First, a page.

Chancellor sees skills as the key to work for long-term unemployed

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Indy Politics

A skills drive targeted at workers without qualifications and the long-term unemployed was announced by the Chancellor.

The double initiative follows an admission by the Government that investment in workforce training is at an historic low with more than one-third of employees lacking any skills, and that it is struggling to get some of the long-term jobless into work.

As a result, the focus of its flagship New Deal scheme will shift from creating jobs to increasing training and skills. Gordon Brown said £190 million would be provided over the next year to allow 90,000 employees to take paid time off to obtain new qualifications. Under the New Deal for Skills, employees will get help with literacy, numeracy and information technology. They will also be given help to receive a National Vocational Qualification.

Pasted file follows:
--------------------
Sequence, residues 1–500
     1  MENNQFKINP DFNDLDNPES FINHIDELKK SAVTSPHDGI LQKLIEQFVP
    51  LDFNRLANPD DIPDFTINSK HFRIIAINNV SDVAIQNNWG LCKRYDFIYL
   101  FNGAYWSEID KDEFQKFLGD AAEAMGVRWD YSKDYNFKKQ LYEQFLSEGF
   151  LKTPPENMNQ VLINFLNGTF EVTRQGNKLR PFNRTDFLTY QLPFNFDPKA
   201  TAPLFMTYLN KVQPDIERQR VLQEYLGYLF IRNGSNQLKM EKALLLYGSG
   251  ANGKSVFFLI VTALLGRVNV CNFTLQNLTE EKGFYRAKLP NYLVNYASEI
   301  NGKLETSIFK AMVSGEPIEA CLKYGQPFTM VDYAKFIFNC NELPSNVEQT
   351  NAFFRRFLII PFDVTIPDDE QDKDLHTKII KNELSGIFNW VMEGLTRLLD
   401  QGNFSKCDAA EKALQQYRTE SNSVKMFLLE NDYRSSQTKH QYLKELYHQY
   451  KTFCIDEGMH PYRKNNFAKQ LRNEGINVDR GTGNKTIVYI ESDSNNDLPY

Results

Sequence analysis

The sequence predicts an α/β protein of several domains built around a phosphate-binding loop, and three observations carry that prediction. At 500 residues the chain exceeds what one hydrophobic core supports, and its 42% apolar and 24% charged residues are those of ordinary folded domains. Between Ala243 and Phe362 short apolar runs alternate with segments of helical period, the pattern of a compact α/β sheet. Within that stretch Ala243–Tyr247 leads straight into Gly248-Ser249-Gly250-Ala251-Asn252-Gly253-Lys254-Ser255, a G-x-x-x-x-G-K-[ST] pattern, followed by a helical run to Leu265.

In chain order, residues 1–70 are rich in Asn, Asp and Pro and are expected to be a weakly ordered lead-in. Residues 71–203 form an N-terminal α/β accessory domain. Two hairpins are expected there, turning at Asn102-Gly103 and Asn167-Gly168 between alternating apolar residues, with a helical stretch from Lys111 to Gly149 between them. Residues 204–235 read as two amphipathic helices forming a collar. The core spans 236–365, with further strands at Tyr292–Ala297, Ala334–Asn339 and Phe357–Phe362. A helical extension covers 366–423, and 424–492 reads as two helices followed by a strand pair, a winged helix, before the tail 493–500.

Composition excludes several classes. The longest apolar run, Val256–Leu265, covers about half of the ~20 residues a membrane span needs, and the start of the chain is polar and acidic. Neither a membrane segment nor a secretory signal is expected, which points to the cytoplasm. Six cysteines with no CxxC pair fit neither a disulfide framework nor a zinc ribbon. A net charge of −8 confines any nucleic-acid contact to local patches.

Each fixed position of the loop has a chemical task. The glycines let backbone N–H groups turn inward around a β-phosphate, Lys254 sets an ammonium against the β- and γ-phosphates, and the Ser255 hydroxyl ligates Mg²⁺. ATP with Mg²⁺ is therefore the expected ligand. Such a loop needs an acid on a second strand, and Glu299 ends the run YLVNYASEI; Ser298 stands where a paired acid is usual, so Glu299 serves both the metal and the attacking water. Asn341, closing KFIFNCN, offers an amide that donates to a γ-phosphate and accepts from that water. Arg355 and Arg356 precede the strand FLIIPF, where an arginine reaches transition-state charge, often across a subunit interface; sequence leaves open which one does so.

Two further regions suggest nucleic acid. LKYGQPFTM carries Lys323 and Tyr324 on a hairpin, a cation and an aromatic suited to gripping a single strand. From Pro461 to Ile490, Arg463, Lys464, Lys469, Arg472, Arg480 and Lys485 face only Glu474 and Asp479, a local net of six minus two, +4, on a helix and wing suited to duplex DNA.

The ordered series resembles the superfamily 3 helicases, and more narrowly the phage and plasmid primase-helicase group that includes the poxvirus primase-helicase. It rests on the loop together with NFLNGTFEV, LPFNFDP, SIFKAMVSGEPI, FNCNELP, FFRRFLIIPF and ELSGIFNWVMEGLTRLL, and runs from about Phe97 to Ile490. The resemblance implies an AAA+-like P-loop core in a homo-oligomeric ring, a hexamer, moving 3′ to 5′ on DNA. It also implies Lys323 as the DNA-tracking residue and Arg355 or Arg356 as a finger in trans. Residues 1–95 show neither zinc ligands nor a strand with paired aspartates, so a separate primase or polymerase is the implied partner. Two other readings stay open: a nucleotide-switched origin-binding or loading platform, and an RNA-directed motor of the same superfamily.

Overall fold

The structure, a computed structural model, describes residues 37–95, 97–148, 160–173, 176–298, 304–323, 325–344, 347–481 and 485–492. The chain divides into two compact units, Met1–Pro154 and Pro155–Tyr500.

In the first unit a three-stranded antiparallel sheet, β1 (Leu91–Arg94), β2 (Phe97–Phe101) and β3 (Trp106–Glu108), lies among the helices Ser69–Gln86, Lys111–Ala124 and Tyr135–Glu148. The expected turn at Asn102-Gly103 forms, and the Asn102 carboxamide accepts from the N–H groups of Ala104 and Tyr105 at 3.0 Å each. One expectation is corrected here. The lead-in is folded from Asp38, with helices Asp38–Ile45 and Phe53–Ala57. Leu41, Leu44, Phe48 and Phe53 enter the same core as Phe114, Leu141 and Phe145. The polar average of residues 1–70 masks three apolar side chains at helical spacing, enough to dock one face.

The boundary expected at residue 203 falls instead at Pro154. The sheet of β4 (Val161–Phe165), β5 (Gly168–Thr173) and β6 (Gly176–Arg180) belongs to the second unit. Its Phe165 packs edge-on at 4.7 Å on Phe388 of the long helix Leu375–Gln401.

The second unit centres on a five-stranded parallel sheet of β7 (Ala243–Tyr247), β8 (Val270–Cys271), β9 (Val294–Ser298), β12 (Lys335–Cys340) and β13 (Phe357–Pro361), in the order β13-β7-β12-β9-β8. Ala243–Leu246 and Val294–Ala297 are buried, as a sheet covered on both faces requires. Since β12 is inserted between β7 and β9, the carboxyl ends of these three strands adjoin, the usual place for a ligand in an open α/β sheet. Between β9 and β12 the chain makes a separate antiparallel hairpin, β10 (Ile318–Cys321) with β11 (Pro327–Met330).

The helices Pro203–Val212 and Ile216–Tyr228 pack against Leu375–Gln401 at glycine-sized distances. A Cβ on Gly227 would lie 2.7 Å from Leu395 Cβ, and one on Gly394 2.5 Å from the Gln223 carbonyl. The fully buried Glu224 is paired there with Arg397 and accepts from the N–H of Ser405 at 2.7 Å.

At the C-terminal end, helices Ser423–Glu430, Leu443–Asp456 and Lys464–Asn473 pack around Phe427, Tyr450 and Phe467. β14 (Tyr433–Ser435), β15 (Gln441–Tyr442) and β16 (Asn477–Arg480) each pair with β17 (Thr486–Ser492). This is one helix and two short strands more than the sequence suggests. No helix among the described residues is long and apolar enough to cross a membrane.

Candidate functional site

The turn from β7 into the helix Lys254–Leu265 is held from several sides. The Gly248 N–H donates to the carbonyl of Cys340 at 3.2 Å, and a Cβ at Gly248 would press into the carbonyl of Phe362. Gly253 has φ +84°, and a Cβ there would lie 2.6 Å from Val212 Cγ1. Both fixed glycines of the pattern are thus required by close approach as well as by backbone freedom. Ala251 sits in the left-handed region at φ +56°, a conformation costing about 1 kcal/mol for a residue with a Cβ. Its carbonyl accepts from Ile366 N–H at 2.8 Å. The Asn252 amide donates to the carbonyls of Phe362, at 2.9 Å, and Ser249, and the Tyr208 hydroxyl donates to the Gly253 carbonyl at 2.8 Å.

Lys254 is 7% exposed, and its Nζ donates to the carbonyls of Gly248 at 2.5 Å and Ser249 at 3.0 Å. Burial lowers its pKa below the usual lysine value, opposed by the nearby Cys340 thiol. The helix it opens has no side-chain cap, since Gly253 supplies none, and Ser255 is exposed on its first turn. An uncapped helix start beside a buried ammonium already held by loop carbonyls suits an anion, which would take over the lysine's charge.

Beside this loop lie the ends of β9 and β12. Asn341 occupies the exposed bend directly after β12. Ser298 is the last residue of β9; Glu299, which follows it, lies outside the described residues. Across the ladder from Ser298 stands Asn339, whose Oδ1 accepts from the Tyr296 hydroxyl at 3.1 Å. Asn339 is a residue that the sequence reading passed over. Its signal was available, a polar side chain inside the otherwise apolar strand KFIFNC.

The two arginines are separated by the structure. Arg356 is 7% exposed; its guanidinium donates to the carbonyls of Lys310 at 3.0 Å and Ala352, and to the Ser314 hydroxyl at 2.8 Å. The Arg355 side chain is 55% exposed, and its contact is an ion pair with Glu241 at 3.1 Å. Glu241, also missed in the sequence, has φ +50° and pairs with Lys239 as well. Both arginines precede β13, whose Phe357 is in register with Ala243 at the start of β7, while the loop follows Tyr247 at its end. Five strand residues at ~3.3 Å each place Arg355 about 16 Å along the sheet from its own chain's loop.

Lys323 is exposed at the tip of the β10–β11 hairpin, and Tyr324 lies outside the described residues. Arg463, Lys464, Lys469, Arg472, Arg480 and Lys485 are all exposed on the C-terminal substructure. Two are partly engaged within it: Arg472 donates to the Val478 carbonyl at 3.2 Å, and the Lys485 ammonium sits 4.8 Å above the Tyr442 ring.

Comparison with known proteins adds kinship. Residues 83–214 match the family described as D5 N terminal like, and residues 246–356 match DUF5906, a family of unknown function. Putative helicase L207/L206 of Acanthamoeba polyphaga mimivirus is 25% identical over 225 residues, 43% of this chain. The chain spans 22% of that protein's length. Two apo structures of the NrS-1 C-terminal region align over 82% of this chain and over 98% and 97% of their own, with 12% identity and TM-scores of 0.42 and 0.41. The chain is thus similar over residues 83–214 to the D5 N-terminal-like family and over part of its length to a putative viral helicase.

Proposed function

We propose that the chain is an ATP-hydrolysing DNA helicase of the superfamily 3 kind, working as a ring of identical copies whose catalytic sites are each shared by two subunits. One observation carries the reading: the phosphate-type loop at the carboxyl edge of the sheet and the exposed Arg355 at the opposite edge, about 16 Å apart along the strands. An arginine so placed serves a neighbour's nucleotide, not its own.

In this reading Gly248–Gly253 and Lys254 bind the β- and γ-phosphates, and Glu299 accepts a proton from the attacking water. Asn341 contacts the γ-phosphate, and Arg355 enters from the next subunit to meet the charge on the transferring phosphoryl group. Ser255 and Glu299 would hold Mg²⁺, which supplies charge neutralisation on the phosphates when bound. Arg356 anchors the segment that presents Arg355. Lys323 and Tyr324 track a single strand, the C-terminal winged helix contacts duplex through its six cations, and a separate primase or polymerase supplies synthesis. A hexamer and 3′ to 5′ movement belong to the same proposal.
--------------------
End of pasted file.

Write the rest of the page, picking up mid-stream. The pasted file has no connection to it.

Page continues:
Every jobseeker's allowance claimant will have a skills assessment and have to attend a skills course. Compulsory courses for people out of work for longer than six months will piloted.

Lone parents with children over 14 will have to attend more interviews to asses their options; help for over-60s wanting to return to work will be extended and benefits claimants hoping to become self employed will receive extra incentives.

Mr Brown said the plans represented "a second chance for adults in or out of work without basic skills to learn, whether through further education, work-based learning, distance learning or trade union learning".

Andrew Smith, the Secretary of State for Work and Pensions, said 2.7 million people were excluded from the labour market, at "huge economic and human cost". He told MPs: "A large number of them want to work and could work if given the right help."

Welcoming the increased investment in skills, Brendan Barber, the TUC general secretary, said: "This is a real agenda for the workplace."

Mr Brown said the Government was "closer than ever" to its goal of full employment. Among measures to achieve this were 100 per cent grants to renovate vacant business premises in areas of high unemployment.

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